County, Texas Gulf
29°23'37"N 95°16'18"W (29.393698, -95.271588)
Highway 6 and Highway 35
12 Miles SE of Houston
Population: 24,236 (2010) 21,413 (2000) 19,220 (1990)
Santa Fe Railroad Depot
Photo courtesy Barclay
Gibson, May 2012
in a Pecan Shell
Alvin, named for Alvin Morgan, a railroad cattle shipping agent, dates
to the 1860s when it was a flag stop/shipping point on the Santa Fe
Railroad. Morgan was the area’s first permanent resident, building
his house there in 1879. When a post office application was submitted
under Alvin’s last name, it was rejected since another community was
using the name of Morgan.
Alvin experienced a population explosion in the 1890s when it went
from a meager 100 people to an estimated 2,000 with the span of six
years. The early economy was based on agriculture. School classes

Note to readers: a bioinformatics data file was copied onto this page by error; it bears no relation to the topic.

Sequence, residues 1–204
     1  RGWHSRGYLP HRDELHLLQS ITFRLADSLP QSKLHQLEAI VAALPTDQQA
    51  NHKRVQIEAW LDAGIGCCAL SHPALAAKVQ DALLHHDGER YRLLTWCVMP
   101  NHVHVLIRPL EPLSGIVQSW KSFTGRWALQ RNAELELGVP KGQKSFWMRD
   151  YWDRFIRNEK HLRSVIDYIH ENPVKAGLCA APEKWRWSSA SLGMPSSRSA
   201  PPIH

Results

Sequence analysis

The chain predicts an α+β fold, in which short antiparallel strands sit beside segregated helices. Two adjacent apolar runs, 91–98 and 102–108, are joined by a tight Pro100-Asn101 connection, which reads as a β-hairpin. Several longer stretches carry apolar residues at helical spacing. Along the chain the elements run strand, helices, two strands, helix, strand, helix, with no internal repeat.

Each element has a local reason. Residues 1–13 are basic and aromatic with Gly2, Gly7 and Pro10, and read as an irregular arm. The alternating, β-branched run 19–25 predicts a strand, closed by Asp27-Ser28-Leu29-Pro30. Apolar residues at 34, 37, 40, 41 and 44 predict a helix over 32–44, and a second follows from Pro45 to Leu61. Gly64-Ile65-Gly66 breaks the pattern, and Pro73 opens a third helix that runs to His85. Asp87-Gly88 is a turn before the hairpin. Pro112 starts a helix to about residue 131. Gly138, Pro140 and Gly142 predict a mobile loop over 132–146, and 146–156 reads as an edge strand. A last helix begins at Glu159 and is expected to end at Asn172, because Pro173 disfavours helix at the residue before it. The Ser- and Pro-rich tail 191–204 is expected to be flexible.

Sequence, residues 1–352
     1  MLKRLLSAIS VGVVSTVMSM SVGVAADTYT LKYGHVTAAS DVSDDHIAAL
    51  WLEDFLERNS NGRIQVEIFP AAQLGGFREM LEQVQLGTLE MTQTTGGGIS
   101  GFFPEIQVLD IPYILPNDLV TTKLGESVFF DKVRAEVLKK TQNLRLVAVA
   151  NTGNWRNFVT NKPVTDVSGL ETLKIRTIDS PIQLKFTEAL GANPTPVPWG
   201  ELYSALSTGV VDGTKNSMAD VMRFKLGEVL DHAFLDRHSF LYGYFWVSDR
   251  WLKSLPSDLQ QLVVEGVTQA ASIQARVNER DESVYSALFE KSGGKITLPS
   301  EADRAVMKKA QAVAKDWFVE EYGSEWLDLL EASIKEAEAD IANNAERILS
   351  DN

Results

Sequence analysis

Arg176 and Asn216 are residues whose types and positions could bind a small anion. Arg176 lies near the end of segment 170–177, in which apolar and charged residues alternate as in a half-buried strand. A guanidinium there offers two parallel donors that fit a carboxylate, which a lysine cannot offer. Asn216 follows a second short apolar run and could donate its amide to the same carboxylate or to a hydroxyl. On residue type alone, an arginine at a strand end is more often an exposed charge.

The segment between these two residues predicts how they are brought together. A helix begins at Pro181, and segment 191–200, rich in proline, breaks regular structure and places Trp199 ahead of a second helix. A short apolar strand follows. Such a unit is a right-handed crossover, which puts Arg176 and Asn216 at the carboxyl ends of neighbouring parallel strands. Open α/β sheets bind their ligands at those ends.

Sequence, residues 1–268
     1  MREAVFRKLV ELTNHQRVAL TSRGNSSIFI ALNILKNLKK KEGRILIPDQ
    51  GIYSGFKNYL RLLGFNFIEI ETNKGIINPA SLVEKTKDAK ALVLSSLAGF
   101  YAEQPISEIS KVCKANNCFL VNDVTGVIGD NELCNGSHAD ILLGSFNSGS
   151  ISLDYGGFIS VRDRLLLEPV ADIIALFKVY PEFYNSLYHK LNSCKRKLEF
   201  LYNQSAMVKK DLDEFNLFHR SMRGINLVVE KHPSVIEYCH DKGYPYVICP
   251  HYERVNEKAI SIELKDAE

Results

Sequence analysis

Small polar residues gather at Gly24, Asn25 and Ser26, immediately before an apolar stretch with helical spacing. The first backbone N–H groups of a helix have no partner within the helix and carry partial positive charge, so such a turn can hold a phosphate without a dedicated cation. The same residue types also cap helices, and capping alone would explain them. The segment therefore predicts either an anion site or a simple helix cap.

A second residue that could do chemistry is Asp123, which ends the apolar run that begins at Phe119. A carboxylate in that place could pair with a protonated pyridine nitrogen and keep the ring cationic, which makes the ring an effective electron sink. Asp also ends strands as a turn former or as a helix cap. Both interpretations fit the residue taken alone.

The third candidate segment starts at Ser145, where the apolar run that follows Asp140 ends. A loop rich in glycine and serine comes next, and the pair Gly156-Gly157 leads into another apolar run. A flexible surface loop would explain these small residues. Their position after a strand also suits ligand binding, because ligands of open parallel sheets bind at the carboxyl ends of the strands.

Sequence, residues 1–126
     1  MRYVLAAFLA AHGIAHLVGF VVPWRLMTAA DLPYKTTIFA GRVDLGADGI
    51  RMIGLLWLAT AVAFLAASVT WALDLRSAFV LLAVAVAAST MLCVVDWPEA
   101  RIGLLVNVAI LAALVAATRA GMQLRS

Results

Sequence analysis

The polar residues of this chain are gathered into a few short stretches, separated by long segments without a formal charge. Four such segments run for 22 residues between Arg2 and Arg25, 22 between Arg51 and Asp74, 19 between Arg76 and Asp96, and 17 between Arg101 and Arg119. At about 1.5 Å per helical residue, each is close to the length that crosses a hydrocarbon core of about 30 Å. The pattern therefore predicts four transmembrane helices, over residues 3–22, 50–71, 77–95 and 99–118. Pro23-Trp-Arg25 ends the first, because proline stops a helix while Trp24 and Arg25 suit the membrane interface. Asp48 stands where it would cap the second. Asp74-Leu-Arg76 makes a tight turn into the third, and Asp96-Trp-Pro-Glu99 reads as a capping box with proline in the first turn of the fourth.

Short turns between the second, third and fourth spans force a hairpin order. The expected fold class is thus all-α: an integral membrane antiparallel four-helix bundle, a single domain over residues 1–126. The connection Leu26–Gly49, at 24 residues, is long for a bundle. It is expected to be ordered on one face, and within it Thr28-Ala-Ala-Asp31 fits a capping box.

were first taught in the Methodist church until a separate building
could be constructed in the 1890s.
The 1940 population had grown to just over 3,000 people and fifteen
years later it was approaching 4,000. Alvin was home to a German Prisoner
of War Camp during WWII.
Between 1960 and 1970 Alvin nearly doubled its population, rising
to over 10,000. Alvin suffered severe damage from the 1900
Galveston Storm and has been struck by other major storms over
the years. Tropical Storm Claudette broke a state record for rain
in 1979, producing 43 inches of rain within a single 24-hour period.
County 1907 postal map showin Alvin
Courtesy Texas General Land Office
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